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People v. Edwards

Supreme Court of New York, Second Department

April 4, 2018

The People of the State of New York, respondent,
v.
Daneel Edwards, appellant.

          Paul Skip Laisure, New York, NY (Nao Terai of counsel), for appellant, and appellant pro se.

          Eric Gonzalez, District Attorney, Brooklyn, NY (Leonard Joblove and Howard B. Goodman of counsel), for respondent.

          REINALDO E. RIVERA, J.P., LEONARD B. AUSTIN, FRANCESCA E. CONNOLLY, ANGELA G. IANNACCI, JJ.

          DECISION & ORDER

         Appeal by the defendant from a judgment of the Supreme Court, Kings County (Neil Jon Firetog, J.), rendered August 20, 2014, convicting him of murder in the second degree and criminal possession of a weapon in the second degree, upon a jury verdict, and imposing sentence.

         ORDERED that the judgment is affirmed.

         The defendant failed to preserve for appellate review his contention that the People failed to disprove the defense of justification (see CPL 470.05[2]; People v Simpson, 151 A.D.3d 762, 762). In any event, the evidence, when viewed in the light most favorable to the prosecution, was legally sufficient to disprove the defendant's justification defense beyond a reasonable doubt (see People v Martinez-Ramos, 135 A.D.3d 965, 965-966; People v Candelaria, 206 A.D.2d 385, 385-386; People v Fousse, 167 A.D.2d 416). The People also adduced legally sufficient evidence that the defendant intended to cause the death of another person (see People v Moore, 118 A.D.3d 916, 917; People v Townsend, 83 A.D.3d 969, 970; People v Smith, 35 A.D.3d 635; People v Jones, 309 A.D.2d 819, 820). Moreover, upon our independent review of the evidence pursuant to CPL 470.15(5), we are satisfied that the verdict of guilt on the count of murder in the second degree was not against the weight of the evidence (see People v Romero, 7 N.Y.3d 633).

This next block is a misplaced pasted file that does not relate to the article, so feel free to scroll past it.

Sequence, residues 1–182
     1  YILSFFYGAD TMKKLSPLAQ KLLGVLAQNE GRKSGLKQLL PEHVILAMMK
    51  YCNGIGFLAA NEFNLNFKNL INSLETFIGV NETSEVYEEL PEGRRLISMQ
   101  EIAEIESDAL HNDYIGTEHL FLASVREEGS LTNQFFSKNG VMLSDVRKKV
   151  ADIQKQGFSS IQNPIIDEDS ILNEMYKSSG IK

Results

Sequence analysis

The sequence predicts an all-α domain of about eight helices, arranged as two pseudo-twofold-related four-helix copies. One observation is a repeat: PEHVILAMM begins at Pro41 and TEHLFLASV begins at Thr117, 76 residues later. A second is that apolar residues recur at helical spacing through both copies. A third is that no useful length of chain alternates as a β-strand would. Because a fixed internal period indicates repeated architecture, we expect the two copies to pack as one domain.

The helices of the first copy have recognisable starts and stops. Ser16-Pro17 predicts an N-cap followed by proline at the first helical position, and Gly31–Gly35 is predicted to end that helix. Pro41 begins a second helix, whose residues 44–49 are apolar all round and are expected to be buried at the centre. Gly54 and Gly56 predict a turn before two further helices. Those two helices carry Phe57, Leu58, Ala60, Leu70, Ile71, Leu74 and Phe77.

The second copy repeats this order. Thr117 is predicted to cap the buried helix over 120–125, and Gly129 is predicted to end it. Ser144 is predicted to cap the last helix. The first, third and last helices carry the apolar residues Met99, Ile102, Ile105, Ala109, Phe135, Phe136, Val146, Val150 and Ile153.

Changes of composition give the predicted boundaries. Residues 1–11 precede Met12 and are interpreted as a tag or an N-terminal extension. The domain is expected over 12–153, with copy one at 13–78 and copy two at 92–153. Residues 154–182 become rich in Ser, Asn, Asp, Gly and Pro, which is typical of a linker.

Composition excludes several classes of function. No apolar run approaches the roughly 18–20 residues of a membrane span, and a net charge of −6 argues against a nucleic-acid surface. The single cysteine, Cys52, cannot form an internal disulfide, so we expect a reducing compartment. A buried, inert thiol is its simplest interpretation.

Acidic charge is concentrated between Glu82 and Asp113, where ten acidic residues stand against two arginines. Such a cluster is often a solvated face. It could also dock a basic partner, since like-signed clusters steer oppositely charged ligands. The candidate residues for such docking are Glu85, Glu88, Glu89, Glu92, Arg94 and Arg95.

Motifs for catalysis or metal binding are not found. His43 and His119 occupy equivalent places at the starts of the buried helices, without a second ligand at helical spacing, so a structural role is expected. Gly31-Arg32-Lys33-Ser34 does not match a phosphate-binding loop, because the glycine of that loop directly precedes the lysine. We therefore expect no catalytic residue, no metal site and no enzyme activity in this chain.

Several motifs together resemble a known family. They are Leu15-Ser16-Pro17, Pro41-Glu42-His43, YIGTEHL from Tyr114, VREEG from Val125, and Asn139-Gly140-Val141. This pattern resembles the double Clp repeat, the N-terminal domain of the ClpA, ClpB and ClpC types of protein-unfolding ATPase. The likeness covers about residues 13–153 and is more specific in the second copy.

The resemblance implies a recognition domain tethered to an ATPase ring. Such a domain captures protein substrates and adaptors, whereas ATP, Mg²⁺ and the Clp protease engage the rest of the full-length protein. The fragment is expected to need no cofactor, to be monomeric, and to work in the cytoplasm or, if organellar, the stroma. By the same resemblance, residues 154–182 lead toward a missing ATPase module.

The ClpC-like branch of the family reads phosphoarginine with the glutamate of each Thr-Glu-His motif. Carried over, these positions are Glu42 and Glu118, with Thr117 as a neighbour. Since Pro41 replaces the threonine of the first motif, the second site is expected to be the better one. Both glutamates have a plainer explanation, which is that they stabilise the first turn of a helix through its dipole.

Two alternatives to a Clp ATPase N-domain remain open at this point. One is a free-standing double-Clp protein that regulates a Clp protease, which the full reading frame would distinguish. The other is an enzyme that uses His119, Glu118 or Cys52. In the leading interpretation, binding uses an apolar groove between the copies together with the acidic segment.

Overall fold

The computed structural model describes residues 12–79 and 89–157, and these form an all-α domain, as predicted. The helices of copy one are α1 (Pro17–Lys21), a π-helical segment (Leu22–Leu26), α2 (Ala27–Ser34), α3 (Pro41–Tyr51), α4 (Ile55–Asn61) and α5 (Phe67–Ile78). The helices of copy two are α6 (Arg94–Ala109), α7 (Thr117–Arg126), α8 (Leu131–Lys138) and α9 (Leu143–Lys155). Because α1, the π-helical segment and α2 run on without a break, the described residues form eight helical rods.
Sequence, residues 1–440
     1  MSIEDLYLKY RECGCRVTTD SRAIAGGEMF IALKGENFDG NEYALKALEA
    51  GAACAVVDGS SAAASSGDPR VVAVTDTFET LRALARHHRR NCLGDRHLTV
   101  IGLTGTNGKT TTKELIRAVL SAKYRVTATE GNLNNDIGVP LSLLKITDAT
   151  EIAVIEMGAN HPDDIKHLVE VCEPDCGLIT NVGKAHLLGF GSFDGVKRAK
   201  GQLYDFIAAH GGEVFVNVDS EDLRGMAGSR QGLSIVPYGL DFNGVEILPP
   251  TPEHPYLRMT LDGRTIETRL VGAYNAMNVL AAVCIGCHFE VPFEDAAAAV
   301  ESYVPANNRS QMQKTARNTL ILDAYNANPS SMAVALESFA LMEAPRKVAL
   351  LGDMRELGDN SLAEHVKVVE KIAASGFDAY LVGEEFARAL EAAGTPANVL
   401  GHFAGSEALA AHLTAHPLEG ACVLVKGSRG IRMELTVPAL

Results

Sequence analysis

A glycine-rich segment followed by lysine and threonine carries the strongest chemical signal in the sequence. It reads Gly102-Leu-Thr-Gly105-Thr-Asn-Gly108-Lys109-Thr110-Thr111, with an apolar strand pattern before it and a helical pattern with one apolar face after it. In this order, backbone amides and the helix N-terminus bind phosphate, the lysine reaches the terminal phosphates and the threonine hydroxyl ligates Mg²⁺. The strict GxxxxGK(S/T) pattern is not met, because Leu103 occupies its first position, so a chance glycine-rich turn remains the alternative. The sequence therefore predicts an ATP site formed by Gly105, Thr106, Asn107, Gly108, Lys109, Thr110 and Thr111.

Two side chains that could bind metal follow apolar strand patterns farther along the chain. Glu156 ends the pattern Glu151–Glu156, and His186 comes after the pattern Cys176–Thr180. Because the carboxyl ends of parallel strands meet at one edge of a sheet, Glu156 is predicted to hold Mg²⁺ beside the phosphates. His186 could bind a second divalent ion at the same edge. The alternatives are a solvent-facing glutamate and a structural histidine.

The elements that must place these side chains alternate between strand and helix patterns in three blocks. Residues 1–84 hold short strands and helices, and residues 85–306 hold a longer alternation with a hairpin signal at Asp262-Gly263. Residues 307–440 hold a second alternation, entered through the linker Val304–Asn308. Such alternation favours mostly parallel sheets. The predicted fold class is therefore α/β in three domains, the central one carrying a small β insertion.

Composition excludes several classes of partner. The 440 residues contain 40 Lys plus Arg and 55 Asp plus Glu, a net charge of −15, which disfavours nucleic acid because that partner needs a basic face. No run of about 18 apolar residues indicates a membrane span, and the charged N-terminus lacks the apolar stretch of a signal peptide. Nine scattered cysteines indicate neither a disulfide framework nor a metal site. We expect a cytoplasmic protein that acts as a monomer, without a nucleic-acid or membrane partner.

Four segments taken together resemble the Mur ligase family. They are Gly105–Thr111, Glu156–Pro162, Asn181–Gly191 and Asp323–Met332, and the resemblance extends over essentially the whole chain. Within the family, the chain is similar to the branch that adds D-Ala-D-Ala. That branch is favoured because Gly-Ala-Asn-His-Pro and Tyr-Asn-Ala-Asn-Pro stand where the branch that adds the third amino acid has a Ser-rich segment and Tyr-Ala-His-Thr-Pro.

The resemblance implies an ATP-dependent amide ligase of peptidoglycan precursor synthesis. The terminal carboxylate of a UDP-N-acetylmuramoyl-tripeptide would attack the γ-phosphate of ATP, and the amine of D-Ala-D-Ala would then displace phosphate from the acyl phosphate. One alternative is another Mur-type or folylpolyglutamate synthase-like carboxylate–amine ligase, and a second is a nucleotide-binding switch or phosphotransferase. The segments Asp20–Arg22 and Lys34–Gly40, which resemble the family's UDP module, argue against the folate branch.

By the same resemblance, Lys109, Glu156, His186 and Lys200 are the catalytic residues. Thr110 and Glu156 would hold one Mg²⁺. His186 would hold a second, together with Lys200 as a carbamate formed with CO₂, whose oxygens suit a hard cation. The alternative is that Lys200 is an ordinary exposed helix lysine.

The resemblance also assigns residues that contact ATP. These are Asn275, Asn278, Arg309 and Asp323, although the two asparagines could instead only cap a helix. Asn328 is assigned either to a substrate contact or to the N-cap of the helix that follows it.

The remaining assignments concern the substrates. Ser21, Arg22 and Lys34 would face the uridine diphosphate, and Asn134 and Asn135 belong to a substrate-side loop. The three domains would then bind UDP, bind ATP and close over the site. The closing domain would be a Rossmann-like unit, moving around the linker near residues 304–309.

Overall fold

The defendant contends that the Supreme Court deprived him of a fair trial by failing to provide the jury with a complete charge on the defense of justification because the charge as given did not include language advising the jury how to assess the victim's reputation, prior convictions, and his threats against the defendant. This contention is unpreserved for appellate review, since the defendant failed to request that the charge include such additional language or object to the charge as given (see CPL 470.05[2]; People v Stewart, 71 A.D.3d 797, 798; People v Soto, 31 A.D.3d 793, 793). In any event, the contention is without merit, since the court fairly and accurately described the applicalbe law (see People v Brunson, 1 A.D.3d 375; People v Muhammed, 303 A.D.2d 424, 424).

         The defendant also contends that the Supreme Court erred in refusing to submit the charge of manslaughter in the second degree to the jury as a lesser included offense of murder in the second degree. However, that challenge is foreclosed, since the lesser-included offense of manslaughter in the first degree was submitted to the jury and the jury implicitly rejected that lesser-included offense, as evidenced by its verdict convicting the defendant of the highest count of the indictment, murder in the second degree (see People v Boettcher, 69 N.Y.2d 174, 180; People v Richette, 33 N.Y.2d 42, 45-46; People v Hira, 100 A.D.3d 922, 923; People v Beriguete, 51 A.D.3d 939, 939-940; People v Powers, 231 A.D.2d 744, 744; People v Vega, 155 A.D.2d 632, 633; see also People v McGeachy, 74 A.D.3d 989, 989).

         The defendant's contentions, raised in his pro se supplemental brief, regarding the admission into evidence of People's exhibit 49 and whether the jury was timely sworn in accordance with CPL 270.05, are unpreserved for appellate review and, in any event, without merit. Moreover, contrary to the defendant's contention, he was not deprived of the effective assistance of trial counsel (see People v Flowers, 28 N.Y.3d 536, 541).

         The sentence imposed was not excessive (see People v ...


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